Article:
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sschueler@winstead.com
713.650.2763

As an experienced litigator, Steve is an effective advocate and has represented employers in both the courtroom and before administrative agencies.

On April 24, 2024, Winstead’s Labor & Employment team reported that—after much anticipation— the FTC issued its final rule banning noncompete agreements nationwide. In our initial post, we noted that the final rule had yet to be published in the Federal Register but that its publication triggers the 120-day period before the rule becomes effective. The final rule was published in the Federal Register on May 8, 2024, and the FTC notes that its expected effective date is therefore September 4, 2024.Continue Reading The FTC’s Noncompete Ban is Published…What Now?

Over a year ago, in January 2023, we reported on Winstead’s Employer Law Resource Blog that the Federal Trade Commission issued a proposed rule banning noncompetes. The FTC later extended the original 90-day notice-and-comment period and thereafter apparently took its time considering the multitude of comments it received. Finally, on April 23, 2024, the FTC issued a press release announcing the issuance of its final rule officially banning noncompetes nationwide.Continue Reading The FTC Did What?! It Banned Noncompetes

Mandatory arbitration agreements for employees have been enforceable for decades.  Over the last several years, there has been an ongoing controversy between the Fifth Circuit Court of Appeals, among others, and the National Labor Relations Board as to whether mandatory arbitration agreements which prohibit collective actions are enforceable.  In the recent decision of Epic Systems Corp. v. Lewis, the U.S. Supreme Court has now held that employers may impose mandatory arbitration agreements which deny employees the right to file collective action arbitrations.  In other words, agreements requiring employees to proceed individually in arbitration are enforceable.  In the wake of this decision, many employers are opting to require their current employees to agree to mandatory arbitration.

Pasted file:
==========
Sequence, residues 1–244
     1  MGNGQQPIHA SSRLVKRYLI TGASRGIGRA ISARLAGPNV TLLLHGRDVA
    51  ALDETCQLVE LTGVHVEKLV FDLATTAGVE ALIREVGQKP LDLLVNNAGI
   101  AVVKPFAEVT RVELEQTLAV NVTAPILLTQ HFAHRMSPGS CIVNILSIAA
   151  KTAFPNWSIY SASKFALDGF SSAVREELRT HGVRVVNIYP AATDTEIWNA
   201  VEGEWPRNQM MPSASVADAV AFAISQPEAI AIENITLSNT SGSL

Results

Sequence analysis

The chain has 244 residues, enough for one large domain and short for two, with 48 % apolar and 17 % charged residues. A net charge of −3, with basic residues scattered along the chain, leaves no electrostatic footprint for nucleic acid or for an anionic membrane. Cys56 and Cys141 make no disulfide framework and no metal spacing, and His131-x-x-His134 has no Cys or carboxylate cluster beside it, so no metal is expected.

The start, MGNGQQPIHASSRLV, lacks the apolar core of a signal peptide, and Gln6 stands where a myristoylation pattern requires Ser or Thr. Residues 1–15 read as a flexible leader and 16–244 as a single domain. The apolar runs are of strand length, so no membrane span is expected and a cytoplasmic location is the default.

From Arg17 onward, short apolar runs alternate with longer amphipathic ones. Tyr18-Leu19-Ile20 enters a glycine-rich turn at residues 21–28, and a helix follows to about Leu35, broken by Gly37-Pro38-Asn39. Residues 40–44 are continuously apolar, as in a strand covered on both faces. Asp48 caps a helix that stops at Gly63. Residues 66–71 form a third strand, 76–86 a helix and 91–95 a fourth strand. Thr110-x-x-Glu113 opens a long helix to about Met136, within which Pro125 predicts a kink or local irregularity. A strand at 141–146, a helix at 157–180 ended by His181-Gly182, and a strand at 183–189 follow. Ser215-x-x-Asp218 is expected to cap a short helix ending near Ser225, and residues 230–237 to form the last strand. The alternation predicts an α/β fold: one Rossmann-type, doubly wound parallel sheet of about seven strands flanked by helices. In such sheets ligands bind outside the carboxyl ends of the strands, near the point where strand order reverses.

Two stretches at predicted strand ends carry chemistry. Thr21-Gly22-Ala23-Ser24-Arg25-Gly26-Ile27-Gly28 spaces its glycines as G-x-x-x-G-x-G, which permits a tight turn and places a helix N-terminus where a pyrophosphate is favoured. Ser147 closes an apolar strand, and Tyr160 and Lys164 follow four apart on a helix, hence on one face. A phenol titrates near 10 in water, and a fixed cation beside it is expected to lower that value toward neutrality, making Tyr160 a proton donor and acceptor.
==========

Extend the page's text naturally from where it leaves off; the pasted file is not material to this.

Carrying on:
Continue Reading Implementing Your Mandatory Arbitration Program

In what appears to be the first website accommodation decision within the Fifth Circuit,  Judge Sim Lake of the Southern District of Texas District Court found that a “website is not a place of public accommodation” under the Americans with Disabilities Act (“ADA”).  Zaid v. Smart Financial Credit Union, No. H-18-1130, 2019 U.S. Dist. LEXIS 11363 (S.D. Tex. Jan. 24, 2019).  Stephen W. Schueler and Modinat “Abby” Kotun defended Smart Financial Credit Union (“SFCU”) against allegations that SFCU’s website discriminated against blind individuals due to its alleged incompatibility with the plaintiff’s screen reader, which he used to access websites.  The plaintiff sought declaratory and injunctive relief requiring SFCU to ensure that its website was accessible to the visually-impaired along with attorneys’ fees.
Continue Reading Americans with Disabilities Act (ADA) Website Accommodations